This dissertation will explore the treatment of the working class in Hollywood cinema during the brief explosion of youth-oriented films in the late 1960s and will then trace how the depiction of the working class changed as Hollywood returned to more traditional narratives and forms in the 1970s. This period ran roughly between 1967 and 1982, the year of the summer of love, until the first years of the Reagan presidency. I have chosen not to end the era with the election of Reagan because films that were in production during the final years of the Carter Administration did not reach the screen until the early 1980s. In the following pages, I will look at how Hollywood’s portrayal of the working class during this epoch helped to not only shape the way other people look at the working class, but also how the working class looks at itself. In doing so, I will also explore one overriding theme that is repeated in films throughout the era, whether they valorize the counterculture or the working class—the theme of community. It is this desire for community that inspired counterculture movements of the 1960s and 1970s, and it is the mourning of the loss of a more “traditional” community by members of the working and middle classes, and their desire to return to more “simple” times, that led to working-class movements in the mid-1970s. In both cases, these movements found a willing partner in Hollywood, which saw an opportunity to exploit the changing mood of the nation and bring audiences back to theaters in search of community.

But as we will also see, particularly as the epoch matures, Hollywood did not stray too far from its roots. It continued to rely on the cinematic trope of the rugged individualist in presenting its narratives of the search for community.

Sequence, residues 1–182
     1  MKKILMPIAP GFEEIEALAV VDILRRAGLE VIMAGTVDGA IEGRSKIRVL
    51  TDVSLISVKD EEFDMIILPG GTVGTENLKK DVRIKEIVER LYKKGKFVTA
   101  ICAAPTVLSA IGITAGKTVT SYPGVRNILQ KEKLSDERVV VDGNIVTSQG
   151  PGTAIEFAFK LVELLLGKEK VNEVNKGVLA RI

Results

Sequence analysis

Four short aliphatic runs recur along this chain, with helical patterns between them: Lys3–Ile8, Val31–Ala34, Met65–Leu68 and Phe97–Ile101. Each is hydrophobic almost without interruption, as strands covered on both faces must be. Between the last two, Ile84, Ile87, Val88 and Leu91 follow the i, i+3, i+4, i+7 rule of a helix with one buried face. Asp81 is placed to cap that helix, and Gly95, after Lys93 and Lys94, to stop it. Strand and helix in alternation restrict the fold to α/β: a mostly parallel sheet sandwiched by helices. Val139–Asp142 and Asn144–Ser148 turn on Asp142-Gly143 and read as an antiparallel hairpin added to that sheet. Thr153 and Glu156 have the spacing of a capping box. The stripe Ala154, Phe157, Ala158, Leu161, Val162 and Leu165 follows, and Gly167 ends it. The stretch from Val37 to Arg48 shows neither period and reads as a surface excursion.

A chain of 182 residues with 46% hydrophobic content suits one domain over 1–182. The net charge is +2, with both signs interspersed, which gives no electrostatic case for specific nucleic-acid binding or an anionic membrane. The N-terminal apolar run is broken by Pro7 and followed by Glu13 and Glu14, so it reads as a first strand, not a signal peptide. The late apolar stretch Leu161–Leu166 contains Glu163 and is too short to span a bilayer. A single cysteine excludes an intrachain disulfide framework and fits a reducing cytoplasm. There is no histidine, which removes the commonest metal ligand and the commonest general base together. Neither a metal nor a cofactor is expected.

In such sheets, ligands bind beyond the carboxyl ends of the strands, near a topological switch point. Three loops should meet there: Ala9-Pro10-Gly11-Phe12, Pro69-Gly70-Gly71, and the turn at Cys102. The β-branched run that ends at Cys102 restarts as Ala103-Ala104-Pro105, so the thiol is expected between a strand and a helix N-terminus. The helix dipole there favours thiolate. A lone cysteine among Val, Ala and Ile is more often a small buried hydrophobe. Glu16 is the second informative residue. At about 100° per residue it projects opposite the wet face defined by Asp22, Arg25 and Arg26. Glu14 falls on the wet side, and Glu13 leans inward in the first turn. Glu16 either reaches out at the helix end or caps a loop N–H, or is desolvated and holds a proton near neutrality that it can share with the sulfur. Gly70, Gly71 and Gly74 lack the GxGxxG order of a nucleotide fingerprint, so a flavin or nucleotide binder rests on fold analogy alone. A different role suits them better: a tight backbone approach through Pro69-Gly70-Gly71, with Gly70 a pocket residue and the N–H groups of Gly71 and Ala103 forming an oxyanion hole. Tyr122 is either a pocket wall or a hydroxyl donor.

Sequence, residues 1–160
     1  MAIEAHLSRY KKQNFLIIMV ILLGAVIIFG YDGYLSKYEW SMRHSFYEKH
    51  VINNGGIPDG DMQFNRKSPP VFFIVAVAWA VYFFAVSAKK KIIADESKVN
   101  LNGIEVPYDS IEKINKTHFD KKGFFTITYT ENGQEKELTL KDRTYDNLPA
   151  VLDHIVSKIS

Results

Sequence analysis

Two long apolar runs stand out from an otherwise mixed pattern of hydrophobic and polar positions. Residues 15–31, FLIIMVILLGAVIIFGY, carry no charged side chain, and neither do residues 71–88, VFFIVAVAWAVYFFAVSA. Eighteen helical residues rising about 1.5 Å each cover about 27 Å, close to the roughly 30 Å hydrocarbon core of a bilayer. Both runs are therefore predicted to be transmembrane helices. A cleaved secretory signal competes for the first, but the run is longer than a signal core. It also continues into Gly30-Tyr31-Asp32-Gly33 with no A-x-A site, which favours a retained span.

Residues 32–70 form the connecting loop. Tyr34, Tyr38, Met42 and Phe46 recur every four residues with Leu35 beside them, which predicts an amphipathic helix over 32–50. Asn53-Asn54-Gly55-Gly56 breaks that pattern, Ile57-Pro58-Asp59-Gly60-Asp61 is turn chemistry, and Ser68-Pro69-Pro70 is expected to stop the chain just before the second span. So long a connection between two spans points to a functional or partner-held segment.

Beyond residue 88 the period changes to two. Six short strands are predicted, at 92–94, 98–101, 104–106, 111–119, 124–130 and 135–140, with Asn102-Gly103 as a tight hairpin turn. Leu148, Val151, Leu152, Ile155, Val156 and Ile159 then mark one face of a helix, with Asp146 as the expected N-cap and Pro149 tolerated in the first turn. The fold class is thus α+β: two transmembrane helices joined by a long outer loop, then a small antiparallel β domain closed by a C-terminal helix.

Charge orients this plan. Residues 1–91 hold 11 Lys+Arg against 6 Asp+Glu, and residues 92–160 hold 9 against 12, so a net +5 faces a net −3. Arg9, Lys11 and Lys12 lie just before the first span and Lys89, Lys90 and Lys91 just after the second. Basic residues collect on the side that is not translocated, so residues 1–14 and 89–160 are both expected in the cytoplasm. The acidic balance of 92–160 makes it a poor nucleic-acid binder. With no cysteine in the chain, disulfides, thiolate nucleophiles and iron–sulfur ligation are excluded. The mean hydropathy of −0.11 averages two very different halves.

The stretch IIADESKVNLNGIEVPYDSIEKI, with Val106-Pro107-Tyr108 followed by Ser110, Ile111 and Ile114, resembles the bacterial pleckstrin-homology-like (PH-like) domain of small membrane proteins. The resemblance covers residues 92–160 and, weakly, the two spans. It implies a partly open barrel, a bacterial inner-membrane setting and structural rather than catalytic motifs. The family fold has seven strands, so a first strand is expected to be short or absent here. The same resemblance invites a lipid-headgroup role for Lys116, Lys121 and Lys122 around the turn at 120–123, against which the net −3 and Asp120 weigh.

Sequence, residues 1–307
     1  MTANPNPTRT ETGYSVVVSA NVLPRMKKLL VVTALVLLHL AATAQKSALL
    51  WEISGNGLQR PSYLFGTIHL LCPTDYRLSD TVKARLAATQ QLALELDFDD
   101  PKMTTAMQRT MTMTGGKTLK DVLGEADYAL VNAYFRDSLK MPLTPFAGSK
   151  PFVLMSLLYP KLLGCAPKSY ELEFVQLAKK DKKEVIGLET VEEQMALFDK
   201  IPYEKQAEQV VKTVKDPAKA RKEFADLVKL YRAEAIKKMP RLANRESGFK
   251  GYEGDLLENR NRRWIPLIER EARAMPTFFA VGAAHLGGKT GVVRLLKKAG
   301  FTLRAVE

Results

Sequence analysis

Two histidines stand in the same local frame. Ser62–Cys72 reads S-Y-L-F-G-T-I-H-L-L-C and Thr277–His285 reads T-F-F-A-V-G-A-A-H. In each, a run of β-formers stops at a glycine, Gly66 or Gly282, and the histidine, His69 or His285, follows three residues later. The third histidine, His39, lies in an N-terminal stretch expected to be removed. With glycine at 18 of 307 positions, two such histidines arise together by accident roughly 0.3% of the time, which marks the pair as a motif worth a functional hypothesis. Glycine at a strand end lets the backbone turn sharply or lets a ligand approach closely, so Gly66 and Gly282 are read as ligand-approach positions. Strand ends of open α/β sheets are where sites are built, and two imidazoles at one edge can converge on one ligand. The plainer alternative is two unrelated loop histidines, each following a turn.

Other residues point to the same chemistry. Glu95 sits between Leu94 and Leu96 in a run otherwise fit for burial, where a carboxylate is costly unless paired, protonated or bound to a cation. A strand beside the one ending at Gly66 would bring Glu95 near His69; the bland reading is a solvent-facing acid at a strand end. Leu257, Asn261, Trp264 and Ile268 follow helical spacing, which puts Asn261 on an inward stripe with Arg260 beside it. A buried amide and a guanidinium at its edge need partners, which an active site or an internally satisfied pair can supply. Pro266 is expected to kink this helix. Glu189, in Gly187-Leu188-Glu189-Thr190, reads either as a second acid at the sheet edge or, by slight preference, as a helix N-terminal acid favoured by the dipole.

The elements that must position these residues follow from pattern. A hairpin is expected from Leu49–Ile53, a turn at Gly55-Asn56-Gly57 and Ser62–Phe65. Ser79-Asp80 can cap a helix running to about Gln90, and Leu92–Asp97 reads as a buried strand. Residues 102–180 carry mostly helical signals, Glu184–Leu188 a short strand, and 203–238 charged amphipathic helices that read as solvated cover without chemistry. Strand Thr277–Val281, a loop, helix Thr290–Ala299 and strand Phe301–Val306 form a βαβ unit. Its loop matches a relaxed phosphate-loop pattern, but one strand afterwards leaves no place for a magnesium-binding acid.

I have chosen this epoch because it represents a period of great change in American cinema and in America itself. Between 1967 and 1982 the nation moved first to the left and then back hard to the right, and with these changes in direction came changes in the depiction of the working class in Hollywood cinema. As I will show in the first part of this work, in films of the late 1960s the working class took a back seat to the counterculture, sometimes being ignored, often marginalized or ridiculed, and too often demonized as the foils for counterculture characters. In subsequent chapters I will show that as the country turned to the right during the 1970s with an economic downturn, the continuing war in Vietnam, an oil embargo, and Watergate adding to the nation’s woes, depictions of the working class evolved. Demonized at the beginning of the decade in a film like Joe (1970), the working class found itself valorized in mid-decade by Rocky (1976) and even romanticized to a degree in later films like Breaking Away (1979) and Four Friends (1981).

This study will be presented in four chapters, followed by an Epilogue. Because I will be explicating the evolution of the treatment of the working class in film during this era, I will present the films, for the most part, in chronological order, with each chapter representing a specific period within the epoch. Four basic tools will be provided to the reader in this Introduction. First, each chapter and its general contents will be outlined;